Whenever we talk of Rajesh Khanna, we cannot but talk of those wonderful melodies that came to pretty much defining him. Yes, those magically memorable songs that he didn’t sing or write or compose music for.
That was the beauty of his greatness. Somebody else worked for it. The only other place where such a thing regularly happens is — allow us to blow our own trumpet — journalism. For instance, the correct spellings, punctuation, grammar you may find here are actually the handiwork of an unknown ‘copyeditor’, while as the nominal author of this piece, I get to encash his salary cheque.
Ha. Ha. I am of course exaggerating. I don’t do anything of that sort. The ‘copyeditor’ himself usually transfers the money to my account.
Getting back to ‘Kaka’, which is what Rajesh Khanna was popularly known as, many people keep asking the question as to how he, a quintessential Hindi star, managed to hold sway over the youngsters of Tamil Nadu in the late 60s and early 70s. Well, without me needing to point it out, the obvious answer is: Anti-Hindi protests. The point is if the students of that era had not bunked their classes to show their displeasure against Hindi, they could not have made it to the theatres and Rajesh Khanna could not have become the legend that he ended up as.
This piece of information may disappoint the protagonists of that anti—Hindi agitation. But I urge them to look at the brighter side of the picture, which is: If they hadn’t endorsed Rajesh Khanna, the Tamil hero they most likely would have catapulted to stardom was — drum roll — Ravichandran. Okay, perish that thought.
It was around the time of Rajesh Khanna’s arrival on the scene that Hindi cinema also started to become much more accessible to Tamil audiences. Personally speaking, Dharam Veer, starring Dharmendra in the lead, was one of the first Hindi films that I remember seeing as a kid. As someone from a small town, and someone with very little exposure to Hindi, I obviously couldn’t understand much of what was happening on the screen. (Much later I was told that had I known Hindi that movie would have made even lesser sense. It was that kind of film). Anyway, if I remember Dharam Veer to this day it is because of the fact that it featured one of the shortest skirts ever seen in a Hindi film (even shorter than the one that Ash wore in Dhoom). And the one sporting the dress with the tantalizing hemline was the sensuous and gorgeous, well, Dharam paaji. That day, I also understood there was reason to call him the ‘loin of Punjab.’
Sholay was another film from around that time. I caught it in its second or third run in our town. Over the years, I have seen the film several times in very many locations. But the beauty of this timeless classic is that it manages, on every occasion, to create in me a sense of surprise, and impels me to raise the same question that it triggered in me the very first time I saw the film as a young boy. The question of course is: How at all did Asrani become a leading comedian in Hindi films?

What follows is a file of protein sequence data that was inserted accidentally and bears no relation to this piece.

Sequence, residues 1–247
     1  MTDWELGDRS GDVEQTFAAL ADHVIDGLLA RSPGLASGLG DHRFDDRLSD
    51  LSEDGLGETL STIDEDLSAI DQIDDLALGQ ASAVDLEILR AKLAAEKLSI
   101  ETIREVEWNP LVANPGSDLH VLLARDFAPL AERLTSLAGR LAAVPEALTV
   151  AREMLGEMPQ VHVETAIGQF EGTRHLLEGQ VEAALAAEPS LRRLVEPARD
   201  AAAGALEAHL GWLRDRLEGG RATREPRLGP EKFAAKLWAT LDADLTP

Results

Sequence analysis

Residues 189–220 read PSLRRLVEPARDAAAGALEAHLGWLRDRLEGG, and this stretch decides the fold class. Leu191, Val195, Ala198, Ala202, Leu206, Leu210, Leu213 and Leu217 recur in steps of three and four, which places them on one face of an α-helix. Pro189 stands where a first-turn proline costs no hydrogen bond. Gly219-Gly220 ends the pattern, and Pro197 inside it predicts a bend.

Also, possibly, Tamils may have actually found Asrani funny because of a technicality: Asrani was not Mehmood. (The uninitiated are requested to look for Mehmood in the Thesaurus, under the heading: Crass and crude, Tamil. In the depiction of.)
Into the 80s, the epochal Ek Duje Ke Liye made history. It’s the celluloid saga that established that love knows no language barrier, especially if it involves a ‘Tambram’ youth, because he will always try to show off his English skills. The Mumbai girl, however, sticks to chaste Hindi, confirming that there is one force even bigger than that of true love —- yes, the fear of Shiv Sena goons.
Soon after Kamal’s entry, Rajni also made it to Bollywood. There was this film, Geraftaar, featuring the two Southern stars and the Bollywood superstar, Amitabh Bachchan. One of the highlight scenes of the film is the way Rajni lights up his cigarette. He does it — nothing fancy here — by merely throwing it up and — as a matchbox was not at hand — he opts for the most obvious mode: Firing a bullet at it.
But the point I want to highlight is not about Rajni. It’s about the filmmaker. It’s about how he conveyed the pulsation of the scene:
Shot 1: Cigarette thrown up. Shot 2: Bullet fired in the general direction of upwards. Shot 3: A flaming cigarette in Rajni’s mouth.
It would have been less tacky and more exciting if there had been mere subtitles running on the screen with the explanatory line: ‘The cigarette you see on Rajni’s lip was lit by a bullet fire’.
Anyway, after the 90s, Hindi films stopped being the stuff of ‘other language’ and they became more agreeable and acceptable. And that is how it has remained till today. From Khanna to the Khans, Tamil Nadu has accepted them all with enthusiasm even though in reciprocation we have got much worse — Udit Narayan and Sharukh as a Tamilian in Ra.One, to give two glaring examples.
So today it doesn’t surprise many when they see obituaries (in these parts) more elaborate, more extensive and more evocative for Rajesh Khanna than what were offered for that Tamil actor, whatishisname, Sivaji Ganesan.
But what is there, especially in a situation when the terms to slyly ingratiate others and to like Rajesh Khanna are virtually the same: Kaka pidikaradhu!